I suppose to look at the NE Scottish data it does show the remarkable dominance of L21 in areas where Celtic languages were spoken late.  In the case of the NE of Scotland Celtic was very dominant even as the 15th century began.  It is a very interesting question.  How come L21 appears to have dominanted among the Irish, the Scots, the Welsh and apparently the Picts too?  That is a very wide area.  How come L21 came to dominate all these areas.  The common denominator is not recent.  While there were comings and goings between these areas in historic times, I dont think they were on a scale that can explain the sheer dominance of L21.  Its clearly older than that.  
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alan trowel hands.
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« Reply #54 on: September 08, 2011, 12:16:26 PM »

Authun,

It is interesting you mentioned The Ceide Fields.

http://www.ceidefields.com/home.html

If these farmers date from 6,000 BCE, and they practiced agriculture, could they have been M269 or a decendant and if so how did they get there so early?
Does Busby's revised data support an higher diversity, older age for M269 in Ireland similar to that of Anatolia?

Gerard

thats 6000 years ago=4000BC.  The ceide fields are a matter of rare survival (through deep burial in peat).  Such fields were probably common everywhere but normally have been removed.  For this sort of burial to happen you need peat to cover former dry land areas so its the blanket bogs that cover the uplands that contains them.  Lowland raised bog is kind of the opposite in that they are often former open water areas that would never have featured fields in the past.  Upland bog needs a particular combination of precipitation level,, soil conditions, altitude, latitude and only moderate slope.  Ireland just so happens to have the perfect combination for developing blanket bog.  Away from the west coast these tend to be in the areas over 600ft but in the west the precipitation is so high that blanket bog can go down into the lowland too.  There is a huge amount of blanket bog in upland and western Ireland and the Ceide fields are probably just the tip of the iceberg of vast areas of buried Neolithic landscape in Ireland.  It can be 2 or 3metres (6.5-10ft) deep and even entire megalithic tombs of some height have been known to be buried.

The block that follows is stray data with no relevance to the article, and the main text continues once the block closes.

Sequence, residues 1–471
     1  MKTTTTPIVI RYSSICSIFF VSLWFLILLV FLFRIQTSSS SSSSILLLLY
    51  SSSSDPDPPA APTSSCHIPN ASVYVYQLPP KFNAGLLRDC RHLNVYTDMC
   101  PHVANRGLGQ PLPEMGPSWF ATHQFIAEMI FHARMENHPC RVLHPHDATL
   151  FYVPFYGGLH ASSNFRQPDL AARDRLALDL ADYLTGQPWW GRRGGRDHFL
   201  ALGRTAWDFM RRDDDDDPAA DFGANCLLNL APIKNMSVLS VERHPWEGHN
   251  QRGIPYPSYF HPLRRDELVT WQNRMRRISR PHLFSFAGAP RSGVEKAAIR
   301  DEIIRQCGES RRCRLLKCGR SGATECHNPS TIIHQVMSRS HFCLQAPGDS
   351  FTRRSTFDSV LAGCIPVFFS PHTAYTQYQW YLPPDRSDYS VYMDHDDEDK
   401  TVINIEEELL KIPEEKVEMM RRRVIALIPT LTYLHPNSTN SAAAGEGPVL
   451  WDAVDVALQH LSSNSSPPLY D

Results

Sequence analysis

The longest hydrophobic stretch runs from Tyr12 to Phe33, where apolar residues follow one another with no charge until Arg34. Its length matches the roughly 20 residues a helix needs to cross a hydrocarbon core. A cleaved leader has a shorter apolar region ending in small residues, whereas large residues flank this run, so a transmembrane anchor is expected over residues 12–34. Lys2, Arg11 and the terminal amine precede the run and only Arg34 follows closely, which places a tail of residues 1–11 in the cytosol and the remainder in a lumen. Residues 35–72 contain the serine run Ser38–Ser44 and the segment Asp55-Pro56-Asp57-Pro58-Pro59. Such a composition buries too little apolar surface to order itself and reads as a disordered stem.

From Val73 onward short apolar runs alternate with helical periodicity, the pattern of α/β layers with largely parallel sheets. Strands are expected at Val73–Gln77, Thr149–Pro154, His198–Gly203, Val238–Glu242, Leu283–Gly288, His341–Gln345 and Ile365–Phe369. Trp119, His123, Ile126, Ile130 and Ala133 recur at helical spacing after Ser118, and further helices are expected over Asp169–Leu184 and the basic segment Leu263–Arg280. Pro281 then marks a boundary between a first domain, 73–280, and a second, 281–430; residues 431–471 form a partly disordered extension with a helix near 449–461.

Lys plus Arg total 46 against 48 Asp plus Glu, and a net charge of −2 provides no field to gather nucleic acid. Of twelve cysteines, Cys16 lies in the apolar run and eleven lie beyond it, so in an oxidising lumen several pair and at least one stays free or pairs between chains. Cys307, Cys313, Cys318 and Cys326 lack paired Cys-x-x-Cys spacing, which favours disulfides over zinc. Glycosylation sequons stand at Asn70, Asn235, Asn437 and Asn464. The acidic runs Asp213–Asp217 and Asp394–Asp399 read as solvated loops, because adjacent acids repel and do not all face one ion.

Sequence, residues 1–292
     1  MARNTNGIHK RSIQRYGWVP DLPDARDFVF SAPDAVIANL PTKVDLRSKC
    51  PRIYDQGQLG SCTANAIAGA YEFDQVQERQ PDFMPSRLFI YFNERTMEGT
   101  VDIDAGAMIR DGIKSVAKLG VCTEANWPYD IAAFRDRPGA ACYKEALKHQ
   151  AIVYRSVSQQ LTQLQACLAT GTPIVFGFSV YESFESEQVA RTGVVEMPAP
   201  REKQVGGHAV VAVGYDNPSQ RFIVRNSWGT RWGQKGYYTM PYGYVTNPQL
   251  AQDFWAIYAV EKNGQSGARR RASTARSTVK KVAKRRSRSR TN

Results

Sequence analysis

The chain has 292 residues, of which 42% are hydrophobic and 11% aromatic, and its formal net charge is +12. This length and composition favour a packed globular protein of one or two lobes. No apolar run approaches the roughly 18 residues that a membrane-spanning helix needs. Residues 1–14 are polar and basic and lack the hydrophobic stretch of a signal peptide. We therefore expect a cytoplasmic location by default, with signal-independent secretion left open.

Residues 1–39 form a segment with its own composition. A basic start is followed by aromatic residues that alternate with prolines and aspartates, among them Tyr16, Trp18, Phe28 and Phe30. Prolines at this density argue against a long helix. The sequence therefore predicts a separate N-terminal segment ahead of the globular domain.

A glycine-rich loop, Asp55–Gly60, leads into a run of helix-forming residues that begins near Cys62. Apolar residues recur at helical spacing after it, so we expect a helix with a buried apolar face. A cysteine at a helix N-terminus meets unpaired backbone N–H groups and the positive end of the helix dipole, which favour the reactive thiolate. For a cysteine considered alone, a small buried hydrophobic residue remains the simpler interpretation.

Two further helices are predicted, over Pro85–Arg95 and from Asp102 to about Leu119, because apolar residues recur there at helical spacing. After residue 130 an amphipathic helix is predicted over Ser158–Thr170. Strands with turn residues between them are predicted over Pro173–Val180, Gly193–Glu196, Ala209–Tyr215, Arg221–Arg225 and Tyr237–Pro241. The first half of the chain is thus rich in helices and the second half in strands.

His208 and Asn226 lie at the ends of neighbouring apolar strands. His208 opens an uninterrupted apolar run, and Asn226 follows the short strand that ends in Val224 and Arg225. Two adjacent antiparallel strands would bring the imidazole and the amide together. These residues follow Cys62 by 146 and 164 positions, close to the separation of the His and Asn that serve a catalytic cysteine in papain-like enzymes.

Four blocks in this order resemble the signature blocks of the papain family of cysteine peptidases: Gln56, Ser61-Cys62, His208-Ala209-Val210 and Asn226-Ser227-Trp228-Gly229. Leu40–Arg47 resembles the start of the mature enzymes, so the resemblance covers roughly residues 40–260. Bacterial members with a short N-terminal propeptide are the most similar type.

« Last Edit: September 08, 2011, 12:25:00 PM by alan trowel hands. » Logged
authun
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« Reply #55 on: September 08, 2011, 06:08:58 PM »

If these farmers date from 6,000 BCE, and they practiced agriculture, could they have been M269 or a decendant and if so how did they get there so early?
Does Busby's revised data support an higher diversity, older age for M269 in Ireland similar to that of Anatolia?

I'm not the one to ask about these R1b subclades. I leave that to others. I don't now enough about them.

The Ceide field systems are much older than the celtic field systems which date to the late bronze age. What that means, I don't know but the interesting aspect is that celtic fields have a north european distribution.

cheers
authun

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authun
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« Reply #56 on: September 08, 2011, 06:41:04 PM »


The age estimate is aprox. 5,500 ybp. Is that out of range with the continental farming practices you mentioned?

Perhaps they had an abundance of rock? what else do you do with unwanted rock in a field besides place it around the parimeter of the field, or use it to build something. I have seen some very rocky places in Ireland's n/w quarter.


Yes, they are much earlier than celtic fields which appear in the late bronze age, around 1500BC.  As far as I understand, the feature of the Ceide fields is that dry stone walls were built as opposed to other neolithic field systems where the stones were simply moved to the edges of the fields and left in a pile.

We have examples of neolithic field systems in places like the peak district which show this. As you can see from this plan of Swine Sty on Big Moor however, these field systems

http://www.peakwalk.org.uk/ssmap.asp

are quite different from celtic field systems:

http://www.lastrefuge.co.uk/php/show-images-all-big.php?id=DW2596

which are much more regular and compact in their layout and which use earthen banks.

There are other field systems, coaxial and cairn fields which, like the neolithic examples, are created by piling the loose stones on the boundaries. There are some excellent layout plans and photos in this link: